Albert J. Moore and David A. Binder
From the Publisher: Demystifying the First Year of Law School: A Guide to the 1L Experience provides law students with explicit frameworks for reading and analyzing court opinions in all first year courses. Using hypothetical classroom dialogues, the book explains how these frameworks will help student understand and participate in classroom discussions, answer questions on exams, and use the skills learned in the first year when representing clients in practice. Written by top scholars drawing on their experience as authors and educators, Demystifying the First Year of Law School: A Guide to the 1L Experience, gives the benefit of experience to the uninitiated. It’s ideal as a companion to any first year course, as a text in a legal methods or academic support course, or as background for a law school orientation program.
From the Publisher: Designed to help law students write and publish articles, this text provides detailed instructions for every aspect of the law school writing, research, and publication process. Topics covered include law review articles and student notes, seminar term papers, how to shift from research to writing, citation-checking others’ work, publishing, and publicizing written works. This edition adds examples drawn from successful student notes, coupled with detailed explanations of what makes the examples effective and how they could have been made still more effective. It also elaborates on how one can research a topic more comprehensively than is usually done.
Ruta K. Stropus & Charlotte D. Taylor
From the Publisher: This popular book helps students make the transition from their undergraduate experience to law school learning. Unlike other “introduction to law school” texts, Bridging the Gap offers a different approach because it: Explains the “why” of law, providing students with the context necessary to understand why law school is taught in a certain manner, explains the “how” of the law, setting out a step-by-step process that will help students adapt to the law school setting and explains the “what” of the law, giving students the opportunity to practice the problem-solving process by providing numerous exercises in a variety of subject matter areas. Rather than giving only general advice, or black letter law and some practice problems for a specific subject, Bridging the Gap provides the context, the process, and the problems. Written by two former law school professors who used these techniques with thousands of students, Bridging the Gap is a guide to what really works in law school.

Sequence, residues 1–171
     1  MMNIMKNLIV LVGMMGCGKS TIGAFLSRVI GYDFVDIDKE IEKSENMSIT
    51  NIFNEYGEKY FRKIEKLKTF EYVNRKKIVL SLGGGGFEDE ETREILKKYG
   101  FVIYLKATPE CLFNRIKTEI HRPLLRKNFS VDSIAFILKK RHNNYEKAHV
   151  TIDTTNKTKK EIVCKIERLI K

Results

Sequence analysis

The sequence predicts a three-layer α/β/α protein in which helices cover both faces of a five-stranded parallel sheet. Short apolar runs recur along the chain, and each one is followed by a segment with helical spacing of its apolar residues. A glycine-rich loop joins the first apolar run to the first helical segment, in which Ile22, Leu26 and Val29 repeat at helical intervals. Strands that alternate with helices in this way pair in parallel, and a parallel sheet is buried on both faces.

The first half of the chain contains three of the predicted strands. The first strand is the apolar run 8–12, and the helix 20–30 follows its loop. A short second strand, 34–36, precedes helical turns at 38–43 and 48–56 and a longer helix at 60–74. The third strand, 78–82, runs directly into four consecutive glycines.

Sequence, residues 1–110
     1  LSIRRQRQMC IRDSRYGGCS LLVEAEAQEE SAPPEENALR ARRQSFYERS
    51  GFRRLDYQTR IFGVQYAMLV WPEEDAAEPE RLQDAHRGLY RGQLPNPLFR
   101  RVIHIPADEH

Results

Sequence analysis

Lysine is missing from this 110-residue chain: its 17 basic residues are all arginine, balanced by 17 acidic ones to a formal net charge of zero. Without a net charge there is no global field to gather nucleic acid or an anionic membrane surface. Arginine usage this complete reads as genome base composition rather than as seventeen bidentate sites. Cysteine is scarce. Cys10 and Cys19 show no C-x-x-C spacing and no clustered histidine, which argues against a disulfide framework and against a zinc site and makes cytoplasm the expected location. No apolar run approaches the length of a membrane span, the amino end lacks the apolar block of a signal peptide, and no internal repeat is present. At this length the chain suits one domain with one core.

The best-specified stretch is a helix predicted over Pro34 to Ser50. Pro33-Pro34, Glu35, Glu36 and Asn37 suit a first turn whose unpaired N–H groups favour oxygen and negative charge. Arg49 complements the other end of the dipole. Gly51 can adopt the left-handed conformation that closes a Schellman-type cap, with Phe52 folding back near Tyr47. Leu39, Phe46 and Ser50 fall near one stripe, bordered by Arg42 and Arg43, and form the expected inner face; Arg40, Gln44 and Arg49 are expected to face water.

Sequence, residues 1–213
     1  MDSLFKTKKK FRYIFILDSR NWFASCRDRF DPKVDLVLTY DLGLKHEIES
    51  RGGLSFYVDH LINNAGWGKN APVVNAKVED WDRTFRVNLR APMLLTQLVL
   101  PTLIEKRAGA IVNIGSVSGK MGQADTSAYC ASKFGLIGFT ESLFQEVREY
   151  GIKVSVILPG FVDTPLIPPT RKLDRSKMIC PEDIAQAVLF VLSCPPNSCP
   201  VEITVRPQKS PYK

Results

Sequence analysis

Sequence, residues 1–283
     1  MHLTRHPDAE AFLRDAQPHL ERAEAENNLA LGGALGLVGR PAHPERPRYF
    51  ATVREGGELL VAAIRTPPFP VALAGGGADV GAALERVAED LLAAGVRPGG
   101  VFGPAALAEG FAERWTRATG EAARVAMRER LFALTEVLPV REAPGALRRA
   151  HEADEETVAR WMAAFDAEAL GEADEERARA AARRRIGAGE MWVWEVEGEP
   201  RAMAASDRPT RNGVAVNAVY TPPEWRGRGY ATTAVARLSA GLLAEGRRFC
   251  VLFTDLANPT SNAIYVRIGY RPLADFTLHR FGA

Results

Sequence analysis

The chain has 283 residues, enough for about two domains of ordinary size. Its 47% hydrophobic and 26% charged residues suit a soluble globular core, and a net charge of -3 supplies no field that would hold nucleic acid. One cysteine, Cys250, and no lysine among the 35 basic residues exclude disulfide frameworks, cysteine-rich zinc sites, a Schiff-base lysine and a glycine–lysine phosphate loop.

Andrew J. McClurg
From the Publisher: This book provides a candid step-by-step road map to both academic and emotional success in law school’s critical first year. Topics covered include top student fears, the first-year curriculum, effective class participation, types of law students and professors, case briefing, note-taking, outlining, legal research and writing, exam preparation, exam-taking, and stress management. This text shows rather than tells using dozens of anecdotes and comments from real 1Ls, as well as authentic samples of Socratic dialogue, exam questions, and student case briefs and class notes. The author is an award-winning professor and noted legal humorist with experience teaching at several law schools.
Sonia J. Buck
From the Publisher: *Packed with black letter law, dozens of exam study tips, useful Internet links and other valuable resources for law students, legal movie trivia and other interesting nuggets. *Geared toward law students, but entertaining and straightforward enough for anyone
Scott L. Rogers
From the Publisher: Mindfulness for Law Students is a one-of-a-kind book that is specifically designed to introduce law students to fundamental contemplative practices as well as the cutting-edge research that shows how incorporating mindfulness techniques can alter the physical structure and function of the brain to reflect decreased levels of stress, increased levels of productivity and improved mental health. This book is based on the Jurisight® program – which uses legal terms and concepts to teach lawyers what they need to know about mindfulness and neuroscience to lead more balanced and effective lives – and written with input from law students, law professors and recent law school graduates to ensure that the lessons are accessible to law students and can be easily integrated into their busy schedules.
Steven R. Sedberry
From the Publisher: Law school can be an expensive, time-consuming, and frequently exhausting experience. Students must “hit the ground running.” Law School Labyrinth acts as a road map to the entire law school experience—from admissions to graduation and beyond. Steven Sedberry examines popular law student misconceptions and helps readers understand the primary objectives of law school. Following his “been there, done that” advice, students will learn how to read legal opinions, participate in Socratic dialogue, and assimilate and retain information necessary to succeed on law school exams. Going beyond the classroom, the book provides information on summer clerkships and career advice. Law School Labyrinth is the consummate blueprint for all three years of law school.